• Gas or oil furnace: As with central air conditioners, you can claim 30 percent of the cost of an Energy Star rated furnace, including installation, with a cap of $600 per appliance. Gas furnaces must have an Annual Fuel Utilization Efficiency (AFUE) of at least 97 percent to be eligible.
  • Biomass: Though less common than other heating systems, biomass stoves and boilers, which include pellet and wood stoves, are also eligible for up to 30 percent of the project cost, with a cap of $2,000.

The Home Envelope

Spray foam insulation installed inside a home attic eligible for tax credits.

Tax credits offered under the Inflation Reduction Act aren’t just for alternative energy sources and high-efficiency HVAC systems. Many less pricey projects that make your home more energy efficient also qualify for a tax credit that’s up to 30 percent of their cost. Keep in mind that this credit is for materials only. Labor expenses for building envelope upgrades don’t qualify.

  • Home energy audit: If you pay for an energy audit of your home, you can qualify for a tax credit of up to $150. The audit must be performed by a certified home energy auditor and include a report that details any recommendations for energy-saving projects.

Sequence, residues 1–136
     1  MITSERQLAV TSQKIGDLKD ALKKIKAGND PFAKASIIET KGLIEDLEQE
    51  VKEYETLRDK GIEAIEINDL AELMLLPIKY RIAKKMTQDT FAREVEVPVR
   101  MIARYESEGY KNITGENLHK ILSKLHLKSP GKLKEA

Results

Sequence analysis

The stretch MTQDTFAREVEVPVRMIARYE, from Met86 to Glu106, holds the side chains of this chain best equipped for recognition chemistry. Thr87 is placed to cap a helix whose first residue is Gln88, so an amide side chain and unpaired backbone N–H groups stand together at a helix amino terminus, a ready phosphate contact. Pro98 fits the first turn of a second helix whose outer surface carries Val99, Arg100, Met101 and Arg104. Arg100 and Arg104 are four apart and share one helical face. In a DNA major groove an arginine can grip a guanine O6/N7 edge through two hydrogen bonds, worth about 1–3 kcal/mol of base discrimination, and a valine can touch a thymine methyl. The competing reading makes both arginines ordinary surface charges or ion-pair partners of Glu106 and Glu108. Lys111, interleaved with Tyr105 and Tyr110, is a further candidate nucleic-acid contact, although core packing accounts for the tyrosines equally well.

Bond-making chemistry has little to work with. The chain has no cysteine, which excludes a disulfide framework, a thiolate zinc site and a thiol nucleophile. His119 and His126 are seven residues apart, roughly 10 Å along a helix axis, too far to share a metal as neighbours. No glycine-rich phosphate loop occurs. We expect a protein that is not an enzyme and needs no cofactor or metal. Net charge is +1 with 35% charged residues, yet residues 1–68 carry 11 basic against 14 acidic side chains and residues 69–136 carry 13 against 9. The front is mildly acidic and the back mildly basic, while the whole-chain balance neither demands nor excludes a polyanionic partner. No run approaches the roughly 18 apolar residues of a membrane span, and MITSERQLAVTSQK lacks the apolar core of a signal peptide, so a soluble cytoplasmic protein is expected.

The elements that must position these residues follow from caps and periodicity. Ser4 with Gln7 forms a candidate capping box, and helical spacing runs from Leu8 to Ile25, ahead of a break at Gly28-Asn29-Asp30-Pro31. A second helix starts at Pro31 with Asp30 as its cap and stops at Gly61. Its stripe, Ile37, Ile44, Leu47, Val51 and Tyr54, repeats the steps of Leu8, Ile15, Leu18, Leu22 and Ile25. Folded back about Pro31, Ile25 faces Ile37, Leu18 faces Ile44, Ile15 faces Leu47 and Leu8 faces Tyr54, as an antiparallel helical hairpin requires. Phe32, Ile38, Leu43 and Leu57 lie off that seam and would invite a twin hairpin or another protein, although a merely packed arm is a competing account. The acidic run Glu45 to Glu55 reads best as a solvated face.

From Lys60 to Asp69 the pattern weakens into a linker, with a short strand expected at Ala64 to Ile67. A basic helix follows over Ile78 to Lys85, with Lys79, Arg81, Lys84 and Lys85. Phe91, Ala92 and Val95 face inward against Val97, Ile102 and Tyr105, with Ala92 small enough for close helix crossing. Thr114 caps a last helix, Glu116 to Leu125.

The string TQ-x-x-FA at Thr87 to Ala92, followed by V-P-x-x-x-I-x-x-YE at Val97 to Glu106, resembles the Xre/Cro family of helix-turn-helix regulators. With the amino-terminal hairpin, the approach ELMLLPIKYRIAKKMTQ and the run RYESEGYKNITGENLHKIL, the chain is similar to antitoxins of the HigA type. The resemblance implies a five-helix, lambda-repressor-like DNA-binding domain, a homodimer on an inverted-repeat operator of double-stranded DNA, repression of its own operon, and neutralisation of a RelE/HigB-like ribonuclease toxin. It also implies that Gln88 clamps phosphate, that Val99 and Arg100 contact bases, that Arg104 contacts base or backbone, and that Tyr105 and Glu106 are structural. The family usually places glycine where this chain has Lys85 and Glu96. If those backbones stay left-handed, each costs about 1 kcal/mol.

• Doors: If you upgrade your exterior door to an Energy Star-rated model, you can save up to $250 per door or $500 total on doors.
  • Windows: You can also take advantage of tax savings for replacement windows. Get up to $600 in tax credits for those rated with Energy Star Most Efficient. Skylights also qualify.
  • Insulation: If you install new insulation or other air-sealing materials, you can be due a tax credit of up to $1,200. “Insulation upgrades, including typical bulk insulation products like batts, rolls, blow-in fibers, rigid boards, expanding spray, and pour-in-place, qualify for federal and state tax credits,” Garcia says, stressing that not all types of insulation qualify, and that state programs vary. “These improvements must air-seal (reduce air leaks) and come with a Manufacturer’s Certification Statement,” he says.

Alternative Energy Sources

Two men in hardhats install a solar panel on house roof.

If you add a clean energy source to your home, including solar, geothermal, wind, fuel cells, or a battery storage system, then you’re eligible for potentially thousands of dollars in tax credits from the federal government.

  • Installing a solar system: The Inflation Reduction Act grants homeowners a tax credit of 30 percent of the cost of their solar system. What’s more, this credit doesn’t max out or have any income restrictions. Keep in mind that you’ll need to be living in the home and own the solar system to qualify. You can’t take advantage of this tax savings if you’re leasing a solar system. Also, that the credit is for the solar system and the labor to install it only. Any repairs you need to make to your roof to prep for the solar system aren’t eligible.
  • Geothermal savings: While solar systems may get the most attention due to their rising popularity, you can also get a tax credit on 30 percent of the cost of installing a geothermal system. As with solar, your geothermal system must be in your primary residence.
  • Other renewable energy sources: Though less common with residences, you can also take advantage of this 30 percent tax credit with fuel cells, wind turbines, and battery storage systems.